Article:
SYNTHETIC DRUG BAN GROWS NEAR
HARRISBURG, PA – The Pennsylvania General Assembly has passed a bill to ban the possession, use and sale of so-called bath salts, synthetic marijuana, 2CE and salvia divinorum, addressing the serious concern among Pennsylvania district attorneys that these new and currently legal drugs are developing into the most dangerous drug crisis since methamphetamine labs found their way into Pennsylvania.
Today, the Senate approved S.B. 1006 by a vote of 50 to 0. The bill, which previously passed the House unanimously, will be sent to the governor for signature.
“These synthetic drugs are posing a significant public safety and public health problem throughout Pennsylvania, right now — today,” said Dauphin County District Attorney Edward. M. Marsico, Jr., who also serves as president of the Pennsylvania District Attorneys Association (PDAA). “Synthetic drugs came onto the Pennsylvania scene quickly, and it is good to see just how quickly the General Assembly responded. Our concern was the longer we wait, the more likely kids would die.”
“Synthetic drugs are a serious danger for our young people, the men and women working in law enforcement and our communities,” said Crawford County District Attorney Francis Shultz, who also serves as PDAA vice president. “This ban on synthetic drugs sends a strong message that Pennsylvania will not stand by as people try to make a profit by endangering the users of these drugs and those around them.”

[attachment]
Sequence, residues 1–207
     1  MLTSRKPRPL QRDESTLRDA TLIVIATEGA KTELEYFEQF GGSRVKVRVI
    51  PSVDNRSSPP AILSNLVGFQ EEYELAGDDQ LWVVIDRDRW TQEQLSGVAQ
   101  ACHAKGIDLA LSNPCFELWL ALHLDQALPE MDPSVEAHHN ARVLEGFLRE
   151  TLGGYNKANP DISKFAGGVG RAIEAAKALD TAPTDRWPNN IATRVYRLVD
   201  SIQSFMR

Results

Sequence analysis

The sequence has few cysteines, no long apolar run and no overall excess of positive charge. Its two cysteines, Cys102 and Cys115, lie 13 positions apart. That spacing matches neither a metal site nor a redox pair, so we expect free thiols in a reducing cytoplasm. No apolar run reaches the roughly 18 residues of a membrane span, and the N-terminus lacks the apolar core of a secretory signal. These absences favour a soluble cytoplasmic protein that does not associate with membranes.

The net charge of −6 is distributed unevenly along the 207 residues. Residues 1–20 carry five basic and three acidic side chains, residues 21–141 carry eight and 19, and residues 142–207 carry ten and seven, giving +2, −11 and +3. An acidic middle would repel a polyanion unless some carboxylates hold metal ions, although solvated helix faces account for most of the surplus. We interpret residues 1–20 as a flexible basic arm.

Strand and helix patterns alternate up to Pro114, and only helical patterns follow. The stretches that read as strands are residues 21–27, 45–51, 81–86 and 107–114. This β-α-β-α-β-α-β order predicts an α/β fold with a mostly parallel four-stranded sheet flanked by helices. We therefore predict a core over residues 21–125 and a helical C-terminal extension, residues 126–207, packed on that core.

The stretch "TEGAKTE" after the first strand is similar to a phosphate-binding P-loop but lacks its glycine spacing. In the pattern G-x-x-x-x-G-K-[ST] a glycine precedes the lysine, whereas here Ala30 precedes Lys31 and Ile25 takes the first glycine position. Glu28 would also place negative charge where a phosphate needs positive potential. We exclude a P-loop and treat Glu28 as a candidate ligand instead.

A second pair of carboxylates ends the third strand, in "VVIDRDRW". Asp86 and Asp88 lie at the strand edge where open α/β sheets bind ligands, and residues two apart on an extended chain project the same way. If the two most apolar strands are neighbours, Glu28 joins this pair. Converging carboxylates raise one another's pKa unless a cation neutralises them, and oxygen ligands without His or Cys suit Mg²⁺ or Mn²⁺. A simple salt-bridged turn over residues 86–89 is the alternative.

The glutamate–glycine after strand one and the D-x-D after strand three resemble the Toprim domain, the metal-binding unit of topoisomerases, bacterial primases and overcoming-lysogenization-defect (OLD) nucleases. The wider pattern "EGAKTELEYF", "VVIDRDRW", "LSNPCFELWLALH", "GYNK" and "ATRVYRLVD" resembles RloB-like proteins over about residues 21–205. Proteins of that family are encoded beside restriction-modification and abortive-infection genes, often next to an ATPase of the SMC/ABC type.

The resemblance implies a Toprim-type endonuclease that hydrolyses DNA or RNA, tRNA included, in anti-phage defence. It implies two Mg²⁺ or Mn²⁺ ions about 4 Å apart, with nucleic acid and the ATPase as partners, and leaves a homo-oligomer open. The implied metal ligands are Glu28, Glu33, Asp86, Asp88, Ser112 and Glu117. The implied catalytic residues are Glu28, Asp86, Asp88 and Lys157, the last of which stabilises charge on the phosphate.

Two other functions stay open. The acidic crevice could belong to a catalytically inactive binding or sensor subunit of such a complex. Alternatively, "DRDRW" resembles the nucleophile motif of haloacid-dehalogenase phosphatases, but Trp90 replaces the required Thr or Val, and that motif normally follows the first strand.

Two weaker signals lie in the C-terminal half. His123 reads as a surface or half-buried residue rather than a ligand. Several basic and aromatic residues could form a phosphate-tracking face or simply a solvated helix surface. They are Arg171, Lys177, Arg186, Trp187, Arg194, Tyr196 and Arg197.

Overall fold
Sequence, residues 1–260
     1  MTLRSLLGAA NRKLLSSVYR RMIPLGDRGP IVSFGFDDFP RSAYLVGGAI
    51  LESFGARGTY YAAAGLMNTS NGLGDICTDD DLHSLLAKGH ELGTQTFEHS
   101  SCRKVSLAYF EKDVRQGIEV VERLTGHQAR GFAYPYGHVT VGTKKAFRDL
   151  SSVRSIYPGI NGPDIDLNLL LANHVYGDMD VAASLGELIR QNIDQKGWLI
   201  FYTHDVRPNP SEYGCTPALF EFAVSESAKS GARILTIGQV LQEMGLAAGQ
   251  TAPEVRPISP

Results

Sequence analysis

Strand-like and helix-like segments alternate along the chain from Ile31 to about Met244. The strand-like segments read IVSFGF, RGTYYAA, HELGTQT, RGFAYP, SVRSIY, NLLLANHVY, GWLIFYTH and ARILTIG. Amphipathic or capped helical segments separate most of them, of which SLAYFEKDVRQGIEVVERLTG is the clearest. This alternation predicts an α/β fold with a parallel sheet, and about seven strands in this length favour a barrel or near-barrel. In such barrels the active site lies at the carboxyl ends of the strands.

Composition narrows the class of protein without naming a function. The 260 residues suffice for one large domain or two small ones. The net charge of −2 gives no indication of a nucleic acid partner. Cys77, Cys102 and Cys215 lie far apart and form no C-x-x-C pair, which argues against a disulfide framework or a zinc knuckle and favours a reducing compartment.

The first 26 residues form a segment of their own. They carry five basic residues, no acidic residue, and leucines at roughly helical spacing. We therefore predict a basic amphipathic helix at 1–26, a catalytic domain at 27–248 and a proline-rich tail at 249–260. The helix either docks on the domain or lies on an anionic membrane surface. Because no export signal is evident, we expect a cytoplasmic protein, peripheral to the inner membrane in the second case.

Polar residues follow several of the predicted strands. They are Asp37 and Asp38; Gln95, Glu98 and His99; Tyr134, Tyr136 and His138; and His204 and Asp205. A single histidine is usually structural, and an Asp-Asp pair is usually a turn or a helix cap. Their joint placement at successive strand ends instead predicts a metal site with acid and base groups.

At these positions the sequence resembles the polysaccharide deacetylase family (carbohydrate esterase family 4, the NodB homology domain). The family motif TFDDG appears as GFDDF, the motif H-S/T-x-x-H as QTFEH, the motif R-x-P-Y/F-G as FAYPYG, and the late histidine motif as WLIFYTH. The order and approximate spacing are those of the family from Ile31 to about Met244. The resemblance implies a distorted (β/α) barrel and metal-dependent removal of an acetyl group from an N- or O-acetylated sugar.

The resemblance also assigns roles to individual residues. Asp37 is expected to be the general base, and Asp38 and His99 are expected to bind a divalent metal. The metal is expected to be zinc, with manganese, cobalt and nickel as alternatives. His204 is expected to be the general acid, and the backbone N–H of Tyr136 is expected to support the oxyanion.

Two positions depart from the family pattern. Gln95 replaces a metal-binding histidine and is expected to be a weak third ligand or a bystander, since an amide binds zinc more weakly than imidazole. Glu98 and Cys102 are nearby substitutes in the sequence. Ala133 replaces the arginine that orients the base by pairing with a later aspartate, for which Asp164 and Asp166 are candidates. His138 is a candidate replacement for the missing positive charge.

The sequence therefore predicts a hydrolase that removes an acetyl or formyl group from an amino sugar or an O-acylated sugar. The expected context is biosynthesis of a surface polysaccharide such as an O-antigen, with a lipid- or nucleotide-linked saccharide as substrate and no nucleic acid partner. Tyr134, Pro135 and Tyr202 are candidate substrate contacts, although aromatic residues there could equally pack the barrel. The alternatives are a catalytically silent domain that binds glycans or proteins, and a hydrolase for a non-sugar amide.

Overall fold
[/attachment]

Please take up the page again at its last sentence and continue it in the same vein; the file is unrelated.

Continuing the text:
The sale of synthetic drugs, especially bath salts, and the ripple-effect of incidents around them, has become such a problem that several individual district attorneys have sought local injunctions to ban the sale of these drugs. Injunctions have been issued in Luzerne, Lackawanna, Centre, Columbia and Schuylkill Counties.
Once signed by Governor Tom Corbett, Pennsylvania will join states such as North Dakota, Florida, New Jersey and Louisiana that have already banned bath salts. Internationally, the European Union, Australia, Canada and Israel have enacted measures to ban it as well.
Bath salts have nothing to do with spas or baths. Bath salts are powerful synthetic stimulants designed to be comparable to cocaine or methamphetamine, with similar risks. Those who use bath salts feel agitation, paranoia, and/or hallucinate, and often commit violent acts. The legislation passed today would add the chemical compounds in bath salts to the list of Schedule I Controlled Substances. In addition to bath salts, the legislation also bans synthetic forms of marijuana often referred to as K2 or Spice, which poses serious public health dangers; 2CE, which is similar to LSD or ecstasy and is already responsible for a teenager’s death in Minnesota; and salvia, which can cause hallucinations.